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TAKING IT ON THE CHIN CHIN

Chin Chin proves its phenomenal success isn’t just a ‘Melbourne Thing’.

 
Story: Christopher Holder
Photos: Tom Ferguson
Chin Chin Sydney:
69 Commonwealth St, Surry Hills NSW
(02) 9281 3322 or chinchinrestaurant.com.au

The position of Chin Chin General Manager is widely regarded as the toughest gig in Australian hospitality.
Chin Chin is wildly popular. Has been for nearly 10 years. There’s always a queue. You can book a table for six or more people, otherwise it doesn’t matter if you’re Joe (or Jill) Blow or Kanye (or Kim) West, you have to get in line with everyone else.
The General Manager has to ensure the wait is worth it. As well as field livid calls from Kanye’s manager (I’m just making the Kanye thing up, by the way), the GM must guarantee an experience for the (up to) 1000 covers a week, 364 days a year (yes, Chin Chin is open every day except Christmas).
Fundamentally, the reason for Chin Chin’s long reign at the top is in its ability to maintain its quality.
And now Chin Chin is creating the same stir in Sydney.

(DON’T) GO NORTH YOUNG MAN

Sydney is a graveyard for Melbourne restaurateurs. And vice versa. There are a few notable exceptions that prove the rule. One such exception is Longrain, which opened up a Melbourne outpost in Little Bourke Street some 10 years ago after enjoying enormous success in Sydney’s (then unfashionable) Surry Hills.
So let me see: contemporary Thai restaurant has runaway success and serves to define a new eating precinct? Sounds familiar, non?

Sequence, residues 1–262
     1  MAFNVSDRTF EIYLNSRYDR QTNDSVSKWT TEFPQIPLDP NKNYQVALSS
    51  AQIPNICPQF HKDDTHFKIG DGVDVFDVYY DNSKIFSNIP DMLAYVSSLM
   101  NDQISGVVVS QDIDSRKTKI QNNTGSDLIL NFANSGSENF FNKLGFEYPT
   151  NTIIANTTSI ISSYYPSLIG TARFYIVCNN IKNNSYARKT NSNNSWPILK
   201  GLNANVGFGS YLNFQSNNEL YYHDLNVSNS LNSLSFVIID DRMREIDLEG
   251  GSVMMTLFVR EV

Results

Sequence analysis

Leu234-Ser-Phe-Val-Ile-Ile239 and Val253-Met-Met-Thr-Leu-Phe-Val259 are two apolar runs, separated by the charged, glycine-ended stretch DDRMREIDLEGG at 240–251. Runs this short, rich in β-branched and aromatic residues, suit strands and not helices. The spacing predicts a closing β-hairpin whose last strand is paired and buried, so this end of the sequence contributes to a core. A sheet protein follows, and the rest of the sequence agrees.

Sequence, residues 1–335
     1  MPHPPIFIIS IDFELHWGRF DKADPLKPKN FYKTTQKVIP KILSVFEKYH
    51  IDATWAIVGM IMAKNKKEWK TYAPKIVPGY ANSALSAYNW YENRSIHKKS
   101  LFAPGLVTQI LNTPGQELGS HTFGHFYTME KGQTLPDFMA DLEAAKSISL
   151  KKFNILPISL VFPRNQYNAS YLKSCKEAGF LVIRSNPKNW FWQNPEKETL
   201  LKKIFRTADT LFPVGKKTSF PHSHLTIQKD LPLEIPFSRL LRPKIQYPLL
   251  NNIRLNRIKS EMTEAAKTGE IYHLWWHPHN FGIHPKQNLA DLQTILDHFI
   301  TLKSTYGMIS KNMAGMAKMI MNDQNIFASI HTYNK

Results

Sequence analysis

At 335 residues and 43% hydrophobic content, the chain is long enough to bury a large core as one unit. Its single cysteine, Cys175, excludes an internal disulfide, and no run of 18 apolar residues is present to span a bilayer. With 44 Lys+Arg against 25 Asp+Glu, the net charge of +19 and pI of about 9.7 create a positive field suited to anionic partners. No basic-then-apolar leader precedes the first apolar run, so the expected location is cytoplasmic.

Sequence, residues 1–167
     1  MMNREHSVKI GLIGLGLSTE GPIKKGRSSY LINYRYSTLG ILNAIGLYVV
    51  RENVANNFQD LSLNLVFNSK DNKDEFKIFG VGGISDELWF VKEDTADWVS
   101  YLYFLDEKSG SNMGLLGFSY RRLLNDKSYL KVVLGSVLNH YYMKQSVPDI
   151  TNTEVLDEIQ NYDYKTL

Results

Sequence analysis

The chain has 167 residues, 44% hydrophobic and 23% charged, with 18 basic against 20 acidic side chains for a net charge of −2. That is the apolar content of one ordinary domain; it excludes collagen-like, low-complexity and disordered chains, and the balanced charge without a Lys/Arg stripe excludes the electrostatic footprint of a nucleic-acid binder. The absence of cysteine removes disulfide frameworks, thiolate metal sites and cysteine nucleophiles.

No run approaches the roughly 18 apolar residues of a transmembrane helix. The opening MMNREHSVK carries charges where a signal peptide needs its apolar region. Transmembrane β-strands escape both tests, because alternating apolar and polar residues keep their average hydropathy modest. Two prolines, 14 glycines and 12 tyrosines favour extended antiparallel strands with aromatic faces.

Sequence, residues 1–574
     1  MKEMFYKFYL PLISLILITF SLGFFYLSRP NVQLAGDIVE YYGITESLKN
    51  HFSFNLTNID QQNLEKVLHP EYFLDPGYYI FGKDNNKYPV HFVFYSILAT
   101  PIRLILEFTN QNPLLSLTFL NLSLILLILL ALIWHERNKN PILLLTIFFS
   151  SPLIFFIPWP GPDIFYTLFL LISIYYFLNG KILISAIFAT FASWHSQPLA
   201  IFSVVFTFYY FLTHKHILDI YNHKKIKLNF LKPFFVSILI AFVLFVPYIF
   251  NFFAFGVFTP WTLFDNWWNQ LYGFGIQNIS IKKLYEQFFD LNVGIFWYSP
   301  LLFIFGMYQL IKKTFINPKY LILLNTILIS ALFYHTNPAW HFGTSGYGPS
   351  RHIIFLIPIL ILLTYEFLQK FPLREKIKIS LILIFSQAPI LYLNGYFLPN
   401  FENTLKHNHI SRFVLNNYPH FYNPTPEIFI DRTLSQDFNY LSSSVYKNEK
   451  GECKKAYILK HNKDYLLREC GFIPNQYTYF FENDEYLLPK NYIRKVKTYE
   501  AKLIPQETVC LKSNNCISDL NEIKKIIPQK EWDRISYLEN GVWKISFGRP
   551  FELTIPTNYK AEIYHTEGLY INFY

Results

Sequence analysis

The Lucas Group, which owns Chin Chin as well as its younger Melbourne-based siblings, Kong, Hawker Hall and Kisumé, decided the time was ripe to give Sydney a crack. You could hardly accuse the Lucas Group of acting precipitously. The Chin Chin brand was well defined and Sydney was gagging for it.

DESIGN TIME

The Chin Chin Sydney site is a cracker. Check the box item for a potted history, but suffice it to say, this prominent Surry Hills corner site is ideal.
The Lucas Group engaged a Sydney interior architect for the task of bringing the Chin Chin spirit north of the border. George Livissianis is an inspired choice. You’ve seen his work in the pages of venue aligned to projects such as the Apollo and Cho Cho San.
George Livissianis: “My first task was to understand the Chin Chin brand.
“The brand is definitely a bit cheeky. It’s the first food/restaurant brand I’ve worked with that has its own mascot. And the Chin Chin cookbook; it’s hand illustrated like a graphic novel. Chin Chin is fiercely independent and iconoclastic.
“From there, it was easier to break down the site and give each space its own spirit: the bar [Gogo Bar] versus the dining room versus the function space [Chii Town].
“We were able to simplistically take the Chin Chin colours of black, white and pink and apply them across the three main spaces. The dining hall lent itself to being more white; the bar lends itself to being black and intimate; while the function space could be more obviously branded pink.
“There are plenty of design elements that help to make the space, touches such as the seat cushions in the dining room with natural goose feather wrapped in plastic. Then there’s the roof sarking that acts as curtains in the function space. It’s great to have some quirk. I think these elements are the things that can make a space. You need to invest the time and energy into it. It has an effect on people’s experience even if it’s subconscious a lot of the time.”

CRACKLING WITH ENERGY

When Chin Chin is in full swing, there’s a veritable crackle of electricity in the air. It’s exciting, and a little like Matrix ‘bullet time’: it feels like you pack in a full night’s worth of stimulus into an hour.
As General Manager, Emilio Basone, has the job of ensuring all the frantically spinning cogs mesh.